Ashley Williams is speaking out.

The 37-year-old actress has revealed that she recently suffered a miscarriage in a powerful essay for Human Development Project, detailing the moment she found out the news, and encouraging other women to be more open about their own miscarriages.

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"A heavy, dark, and slow stream of blood made its way down my left inner thigh. Without thinking, I swiped it. My fingertips came up wet," Williams bravely shares, adding that the moment came during a Whole Foods outing with her 23-month old son, Gus. "I wiped my hand on my jean shorts, noticing they were already soaked through with blood. I stopped to text my husband: 'I think you need to come home from work.'"

The actress, who miscarried at eight weeks, goes on to say that she was surprised to find out that 25% of women her age have suffered the same experience -- and most of her friends had miscarried at least once -- but felt they couldn't talk about it.

"My (still bloated) gut feeling is that something even more painful silences us -- the fear that we, as women are failures," she writes. "Procreation, the driving purpose in our constructed notion of womanhood, is broken by this sudden trauma."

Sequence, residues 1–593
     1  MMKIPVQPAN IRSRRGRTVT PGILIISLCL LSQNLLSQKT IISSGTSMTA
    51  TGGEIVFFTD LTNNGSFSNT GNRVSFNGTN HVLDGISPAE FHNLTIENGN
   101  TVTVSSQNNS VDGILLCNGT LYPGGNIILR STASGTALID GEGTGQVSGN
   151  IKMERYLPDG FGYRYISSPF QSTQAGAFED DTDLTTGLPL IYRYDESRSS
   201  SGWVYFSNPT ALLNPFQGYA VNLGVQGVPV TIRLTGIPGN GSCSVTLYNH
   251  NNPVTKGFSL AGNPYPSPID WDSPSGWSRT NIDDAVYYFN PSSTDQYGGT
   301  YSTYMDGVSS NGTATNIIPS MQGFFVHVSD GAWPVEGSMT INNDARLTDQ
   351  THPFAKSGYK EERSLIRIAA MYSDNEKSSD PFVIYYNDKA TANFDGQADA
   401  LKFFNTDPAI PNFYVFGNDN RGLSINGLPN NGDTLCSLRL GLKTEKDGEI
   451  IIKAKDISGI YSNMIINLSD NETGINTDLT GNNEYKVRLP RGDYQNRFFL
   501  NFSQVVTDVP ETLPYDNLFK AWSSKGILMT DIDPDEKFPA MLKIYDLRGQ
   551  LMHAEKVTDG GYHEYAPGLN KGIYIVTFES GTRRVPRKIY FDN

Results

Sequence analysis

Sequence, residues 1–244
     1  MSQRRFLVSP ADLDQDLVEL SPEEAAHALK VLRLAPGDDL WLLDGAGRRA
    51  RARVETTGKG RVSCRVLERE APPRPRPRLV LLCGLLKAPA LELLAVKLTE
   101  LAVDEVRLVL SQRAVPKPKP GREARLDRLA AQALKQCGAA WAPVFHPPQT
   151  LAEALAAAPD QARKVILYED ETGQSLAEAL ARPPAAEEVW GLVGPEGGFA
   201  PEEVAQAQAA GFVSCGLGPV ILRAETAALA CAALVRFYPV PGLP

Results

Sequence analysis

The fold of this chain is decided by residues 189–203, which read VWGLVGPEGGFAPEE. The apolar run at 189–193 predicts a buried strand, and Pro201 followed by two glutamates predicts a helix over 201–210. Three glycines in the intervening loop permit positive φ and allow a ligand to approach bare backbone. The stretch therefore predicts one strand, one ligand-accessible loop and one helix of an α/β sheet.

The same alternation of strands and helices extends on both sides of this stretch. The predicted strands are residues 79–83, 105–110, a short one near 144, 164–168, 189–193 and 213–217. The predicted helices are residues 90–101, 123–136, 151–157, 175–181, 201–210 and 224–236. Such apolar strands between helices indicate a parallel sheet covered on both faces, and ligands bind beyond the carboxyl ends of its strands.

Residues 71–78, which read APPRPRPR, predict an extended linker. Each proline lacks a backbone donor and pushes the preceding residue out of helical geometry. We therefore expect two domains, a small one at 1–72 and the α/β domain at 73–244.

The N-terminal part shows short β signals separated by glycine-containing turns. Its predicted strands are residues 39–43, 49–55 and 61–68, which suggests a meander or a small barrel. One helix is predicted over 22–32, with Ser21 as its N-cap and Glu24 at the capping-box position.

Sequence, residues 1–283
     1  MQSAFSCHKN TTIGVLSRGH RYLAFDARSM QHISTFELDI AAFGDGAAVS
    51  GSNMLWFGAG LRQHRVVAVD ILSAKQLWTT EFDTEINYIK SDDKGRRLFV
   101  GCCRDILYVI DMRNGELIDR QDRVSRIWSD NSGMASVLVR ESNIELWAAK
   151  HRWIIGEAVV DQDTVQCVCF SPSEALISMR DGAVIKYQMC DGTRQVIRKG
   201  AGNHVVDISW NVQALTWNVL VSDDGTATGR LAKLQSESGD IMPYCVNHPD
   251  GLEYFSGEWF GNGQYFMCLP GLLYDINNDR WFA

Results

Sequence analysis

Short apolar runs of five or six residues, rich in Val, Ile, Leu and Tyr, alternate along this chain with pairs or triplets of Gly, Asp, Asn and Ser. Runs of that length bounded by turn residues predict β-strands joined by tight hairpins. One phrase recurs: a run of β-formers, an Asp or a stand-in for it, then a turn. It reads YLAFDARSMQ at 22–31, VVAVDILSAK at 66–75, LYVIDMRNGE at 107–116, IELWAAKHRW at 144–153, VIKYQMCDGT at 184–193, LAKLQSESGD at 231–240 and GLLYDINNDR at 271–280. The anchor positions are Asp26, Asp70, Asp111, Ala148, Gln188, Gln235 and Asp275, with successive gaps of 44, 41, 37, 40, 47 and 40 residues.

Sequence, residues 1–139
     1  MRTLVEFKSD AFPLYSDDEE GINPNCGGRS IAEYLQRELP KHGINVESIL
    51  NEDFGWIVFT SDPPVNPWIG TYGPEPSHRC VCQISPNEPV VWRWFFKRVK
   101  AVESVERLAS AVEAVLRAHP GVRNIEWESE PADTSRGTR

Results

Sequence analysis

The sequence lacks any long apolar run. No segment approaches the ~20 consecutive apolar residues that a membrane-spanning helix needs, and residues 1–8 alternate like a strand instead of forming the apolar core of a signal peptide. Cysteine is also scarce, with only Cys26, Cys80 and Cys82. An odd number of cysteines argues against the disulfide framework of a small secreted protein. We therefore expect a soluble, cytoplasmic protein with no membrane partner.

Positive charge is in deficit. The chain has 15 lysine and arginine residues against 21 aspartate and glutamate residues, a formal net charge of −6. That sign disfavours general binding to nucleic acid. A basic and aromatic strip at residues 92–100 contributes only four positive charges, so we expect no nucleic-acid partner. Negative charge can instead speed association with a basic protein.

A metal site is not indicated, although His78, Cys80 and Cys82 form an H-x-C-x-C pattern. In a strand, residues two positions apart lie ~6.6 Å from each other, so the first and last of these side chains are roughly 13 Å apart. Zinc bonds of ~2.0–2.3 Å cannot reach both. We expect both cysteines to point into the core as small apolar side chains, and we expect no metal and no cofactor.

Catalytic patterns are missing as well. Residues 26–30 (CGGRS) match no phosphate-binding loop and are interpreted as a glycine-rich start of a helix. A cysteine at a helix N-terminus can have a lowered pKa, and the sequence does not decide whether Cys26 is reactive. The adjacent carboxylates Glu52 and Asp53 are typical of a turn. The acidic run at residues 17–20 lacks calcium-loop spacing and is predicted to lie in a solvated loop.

"These are hopeless and disempowering diagnoses. I gave birth to Gus on the living room floor, a planned home birth, with no medication," she continues. "I am a badass woman. I am strong. My miscarriage, however, decimated my confidence."

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"You are not broken. You did nothing wrong," she says to other women who have experienced miscarriages. "You are strong, you are brave, and there is hope."

For Williams, an important part of sharing her story is hoping she can inspire other women to the do the same, even encouraging them to normalize miscarriage by telling their Starbucks barista or bartender.

"Why not talk about it?" she asks. "I stand here in from of you, needing to normalize my miscarriage. And I'd love to hear about yours. I believe this will allow me -- and us -- to gather hope and strength."

"I invite you to start, with me, a vocal army of the 25 percenters who can normalize miscarriage in the social sphere. You are not broken. You did nothing wrong. You are strong, you are brave, and there is hope," she writes. "I was right there next to you at Whole Foods, bleeding out of my shorts. Now I'm well. I'm a survivor. Healed, I will try again."

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